Denver,CO
USA

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pendlesteam

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Re: Fine tuning a D10
« Reply #38 on: September 17, 2017, 08:07:15 PM »

Thank you for the pictures Tim...and sorry for hijacking this most interesting thread.

All the best

Nigel
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pendlesteam

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Re: Fine tuning a D10
« Reply #39 on: September 17, 2017, 08:13:46 PM »

Dear Geralde

Thank you for your kind words. All of my boilers have cross tubes in them, all carefully configured to offer the most amount of heat absorption whilst not inhibiting the through flow of hot gasses. I have not fitted a feed pump to the small 2.5" boiler but if it were mated to the corresponding size engine there is no reason why it wouldnt cope. All of the other boilers are routinely connected to feed pumps and all without issue.

Regards

Nigel
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steamboatmodel

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Re: Fine tuning a D10
« Reply #40 on: September 17, 2017, 11:38:16 PM »


Thank you Nigel,
Jim your boiler and engine look very good in the boat, with so many (including some of mine) the boiler and engine are oversized, yours looks like a real boat.
Gerald.
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jpdenver

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Re: Fine tuning a D10
« Reply #41 on: September 21, 2017, 02:19:50 AM »

Thanks Gerald,

I finished up the plumbing, adding some insulation.

A little more timing to adjust.

Then maybe on a pond before winter. The leaves are turning and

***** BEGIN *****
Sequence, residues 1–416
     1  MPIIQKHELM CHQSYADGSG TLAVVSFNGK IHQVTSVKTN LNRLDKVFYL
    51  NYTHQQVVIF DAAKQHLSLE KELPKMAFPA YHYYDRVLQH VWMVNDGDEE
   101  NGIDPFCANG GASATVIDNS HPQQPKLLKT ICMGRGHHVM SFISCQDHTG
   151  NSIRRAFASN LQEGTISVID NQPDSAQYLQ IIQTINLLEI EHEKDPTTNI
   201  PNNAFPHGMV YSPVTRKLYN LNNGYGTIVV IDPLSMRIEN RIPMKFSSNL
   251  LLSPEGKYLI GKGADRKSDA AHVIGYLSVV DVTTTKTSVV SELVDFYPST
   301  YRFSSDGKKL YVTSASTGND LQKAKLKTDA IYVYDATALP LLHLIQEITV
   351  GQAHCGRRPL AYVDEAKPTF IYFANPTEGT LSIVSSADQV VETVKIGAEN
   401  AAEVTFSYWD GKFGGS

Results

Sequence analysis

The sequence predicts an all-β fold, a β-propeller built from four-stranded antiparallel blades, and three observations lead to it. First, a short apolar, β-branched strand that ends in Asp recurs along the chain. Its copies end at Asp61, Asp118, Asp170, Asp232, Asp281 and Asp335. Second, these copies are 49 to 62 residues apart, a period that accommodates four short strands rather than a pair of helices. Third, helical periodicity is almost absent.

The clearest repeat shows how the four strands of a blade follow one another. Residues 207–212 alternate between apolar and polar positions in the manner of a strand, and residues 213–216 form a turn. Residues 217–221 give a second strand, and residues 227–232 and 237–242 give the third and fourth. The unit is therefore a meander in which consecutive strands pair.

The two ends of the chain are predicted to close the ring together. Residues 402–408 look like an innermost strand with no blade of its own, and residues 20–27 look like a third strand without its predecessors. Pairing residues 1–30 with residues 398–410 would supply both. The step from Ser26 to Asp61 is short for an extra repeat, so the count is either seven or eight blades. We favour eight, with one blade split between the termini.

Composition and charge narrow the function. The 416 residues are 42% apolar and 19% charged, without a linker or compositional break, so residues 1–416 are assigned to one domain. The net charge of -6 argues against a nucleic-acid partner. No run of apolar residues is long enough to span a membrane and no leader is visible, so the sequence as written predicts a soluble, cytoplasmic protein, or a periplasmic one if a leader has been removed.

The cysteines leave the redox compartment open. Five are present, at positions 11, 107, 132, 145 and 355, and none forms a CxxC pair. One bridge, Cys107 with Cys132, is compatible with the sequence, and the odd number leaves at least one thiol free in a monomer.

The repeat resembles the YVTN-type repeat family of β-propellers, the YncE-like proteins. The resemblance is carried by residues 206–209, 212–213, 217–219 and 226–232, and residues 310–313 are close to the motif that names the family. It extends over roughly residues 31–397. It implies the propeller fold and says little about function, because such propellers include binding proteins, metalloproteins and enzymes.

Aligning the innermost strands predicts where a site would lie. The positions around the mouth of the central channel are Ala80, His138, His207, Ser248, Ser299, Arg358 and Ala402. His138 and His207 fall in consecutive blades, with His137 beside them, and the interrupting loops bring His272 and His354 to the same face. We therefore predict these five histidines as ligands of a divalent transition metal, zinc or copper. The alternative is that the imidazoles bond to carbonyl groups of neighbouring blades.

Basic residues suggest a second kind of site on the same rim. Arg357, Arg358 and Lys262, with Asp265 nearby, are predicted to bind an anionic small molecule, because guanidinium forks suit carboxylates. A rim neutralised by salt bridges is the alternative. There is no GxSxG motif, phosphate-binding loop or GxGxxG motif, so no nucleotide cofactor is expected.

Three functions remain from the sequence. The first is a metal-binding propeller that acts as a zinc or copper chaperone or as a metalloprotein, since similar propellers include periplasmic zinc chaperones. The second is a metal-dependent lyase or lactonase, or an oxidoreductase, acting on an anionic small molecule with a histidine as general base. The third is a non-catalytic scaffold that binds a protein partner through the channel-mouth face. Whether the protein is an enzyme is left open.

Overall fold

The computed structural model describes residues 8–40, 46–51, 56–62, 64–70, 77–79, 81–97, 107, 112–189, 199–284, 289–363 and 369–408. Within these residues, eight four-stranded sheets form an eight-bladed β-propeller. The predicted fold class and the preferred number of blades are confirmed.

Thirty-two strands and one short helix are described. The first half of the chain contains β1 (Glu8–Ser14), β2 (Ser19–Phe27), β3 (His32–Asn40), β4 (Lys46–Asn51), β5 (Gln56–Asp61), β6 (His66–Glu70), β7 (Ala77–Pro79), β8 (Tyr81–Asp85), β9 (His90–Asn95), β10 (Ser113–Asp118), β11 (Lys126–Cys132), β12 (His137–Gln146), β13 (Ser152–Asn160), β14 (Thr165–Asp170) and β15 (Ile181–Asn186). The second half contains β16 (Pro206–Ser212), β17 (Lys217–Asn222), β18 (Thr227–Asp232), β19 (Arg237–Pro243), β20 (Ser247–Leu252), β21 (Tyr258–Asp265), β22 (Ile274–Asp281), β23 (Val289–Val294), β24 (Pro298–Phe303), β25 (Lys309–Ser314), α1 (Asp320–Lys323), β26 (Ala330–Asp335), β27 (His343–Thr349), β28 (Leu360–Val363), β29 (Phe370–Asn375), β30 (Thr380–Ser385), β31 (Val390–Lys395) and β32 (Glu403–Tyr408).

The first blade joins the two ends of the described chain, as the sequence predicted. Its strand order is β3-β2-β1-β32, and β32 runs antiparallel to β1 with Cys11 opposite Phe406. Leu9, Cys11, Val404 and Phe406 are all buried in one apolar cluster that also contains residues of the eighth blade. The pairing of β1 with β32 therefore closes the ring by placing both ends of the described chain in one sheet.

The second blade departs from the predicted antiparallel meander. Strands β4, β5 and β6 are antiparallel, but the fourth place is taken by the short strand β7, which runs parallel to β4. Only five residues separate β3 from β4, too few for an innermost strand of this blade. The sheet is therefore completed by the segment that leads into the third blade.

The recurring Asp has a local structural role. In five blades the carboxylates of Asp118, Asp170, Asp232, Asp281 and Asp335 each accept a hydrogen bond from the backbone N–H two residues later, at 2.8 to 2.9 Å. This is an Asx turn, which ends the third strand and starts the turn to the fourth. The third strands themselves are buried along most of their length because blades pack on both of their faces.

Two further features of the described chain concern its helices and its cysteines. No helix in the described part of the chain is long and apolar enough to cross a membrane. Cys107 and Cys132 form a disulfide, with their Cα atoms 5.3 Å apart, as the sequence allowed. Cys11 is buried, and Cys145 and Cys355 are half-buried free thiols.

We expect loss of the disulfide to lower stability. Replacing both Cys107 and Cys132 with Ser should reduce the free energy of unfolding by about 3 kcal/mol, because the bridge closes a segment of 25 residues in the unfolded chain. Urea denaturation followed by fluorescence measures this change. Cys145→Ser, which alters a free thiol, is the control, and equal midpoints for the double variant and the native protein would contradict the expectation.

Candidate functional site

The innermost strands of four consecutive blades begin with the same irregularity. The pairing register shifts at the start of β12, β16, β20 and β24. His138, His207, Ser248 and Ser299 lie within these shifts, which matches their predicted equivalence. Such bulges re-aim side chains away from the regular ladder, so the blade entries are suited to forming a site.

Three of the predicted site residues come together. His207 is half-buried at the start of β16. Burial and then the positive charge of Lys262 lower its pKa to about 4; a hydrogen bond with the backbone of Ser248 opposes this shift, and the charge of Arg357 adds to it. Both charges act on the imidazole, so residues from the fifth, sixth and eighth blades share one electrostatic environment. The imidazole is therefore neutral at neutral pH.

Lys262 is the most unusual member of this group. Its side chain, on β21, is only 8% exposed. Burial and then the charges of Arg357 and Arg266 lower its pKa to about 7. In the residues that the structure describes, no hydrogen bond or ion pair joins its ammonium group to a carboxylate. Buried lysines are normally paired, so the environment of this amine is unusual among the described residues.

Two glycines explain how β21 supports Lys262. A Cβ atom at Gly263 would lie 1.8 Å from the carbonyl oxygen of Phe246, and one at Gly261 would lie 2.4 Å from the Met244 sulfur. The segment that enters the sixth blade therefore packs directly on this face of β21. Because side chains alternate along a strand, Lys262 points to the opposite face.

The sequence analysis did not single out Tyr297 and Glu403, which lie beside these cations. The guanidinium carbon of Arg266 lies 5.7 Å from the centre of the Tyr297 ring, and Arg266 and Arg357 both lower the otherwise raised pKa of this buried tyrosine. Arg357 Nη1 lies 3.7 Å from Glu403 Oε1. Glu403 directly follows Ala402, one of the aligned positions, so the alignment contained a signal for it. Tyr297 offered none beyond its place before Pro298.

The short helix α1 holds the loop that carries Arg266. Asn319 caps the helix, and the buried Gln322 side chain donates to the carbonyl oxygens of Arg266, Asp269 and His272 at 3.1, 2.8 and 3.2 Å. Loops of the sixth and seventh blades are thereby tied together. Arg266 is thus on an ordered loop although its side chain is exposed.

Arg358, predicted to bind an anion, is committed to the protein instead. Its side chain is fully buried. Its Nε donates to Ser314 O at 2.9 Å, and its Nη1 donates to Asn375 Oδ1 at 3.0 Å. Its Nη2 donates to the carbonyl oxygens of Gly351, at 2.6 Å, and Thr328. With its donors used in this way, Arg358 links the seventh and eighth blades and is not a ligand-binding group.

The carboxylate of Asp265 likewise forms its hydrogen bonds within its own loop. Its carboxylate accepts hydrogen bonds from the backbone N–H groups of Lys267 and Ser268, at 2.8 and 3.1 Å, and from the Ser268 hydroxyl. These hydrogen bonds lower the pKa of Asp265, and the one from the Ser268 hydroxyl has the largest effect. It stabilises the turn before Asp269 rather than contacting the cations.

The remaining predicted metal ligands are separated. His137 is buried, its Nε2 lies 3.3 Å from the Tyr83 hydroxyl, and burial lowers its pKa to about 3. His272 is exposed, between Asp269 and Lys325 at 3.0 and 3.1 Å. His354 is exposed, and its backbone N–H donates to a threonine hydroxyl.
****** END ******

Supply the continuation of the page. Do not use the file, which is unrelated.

the nights are getting colder.


Regards,
Jim
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Re: Fine tuning a D10
« Reply #42 on: September 21, 2017, 03:07:00 AM »


I do like the blue on the D10, I now know what colour to do mine in.
Gerald.
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Re: Fine tuning a D10
« Reply #43 on: September 21, 2017, 09:01:22 PM »

Hi Jim.


You will certainly have plenty of power with the D10 installed.
I enclose 2- pics of the D10 in my steam tug with the operating lever shown.
As the locking nut has to be removed to link up to a servo I used a small swivel joint that I acquired years ago which I think is for Aero use which you can see on the 3/16" dia rod.
I would advise that you use a steel geared servo which I used and I  think it was a 15kg pull one, the reason being that the standard servo would not stop the reversing levers to stop vibrating when the engine was running as you have to dispense with the hand lever and lock nut supplied.  I linked the servo to the new lever on the cross shaft  by a 1/16" dia brass rod and now with the new servo there is no movement when running.


Just thought that I would let you know my findings, the swivel connector is show on the second pic.


George.


 
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JimG

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Re: Fine tuning a D10
« Reply #44 on: September 22, 2017, 12:49:13 PM »

Your swivel joint is commonly used  on model aircraft especially the Chinese made ARTFs. They go by various names but here is an example
 https://hobbyking.com/en_us/linkage-stopper-m3x2xl11-2mm-10pcs-set.html
(I used the Hobbyking example as it was easy to find) They come in several sizes depending on the pushrod diameter.
If you are using one of these I would recommend the use of threadlock on all screws as they are known to loosen off with vibration.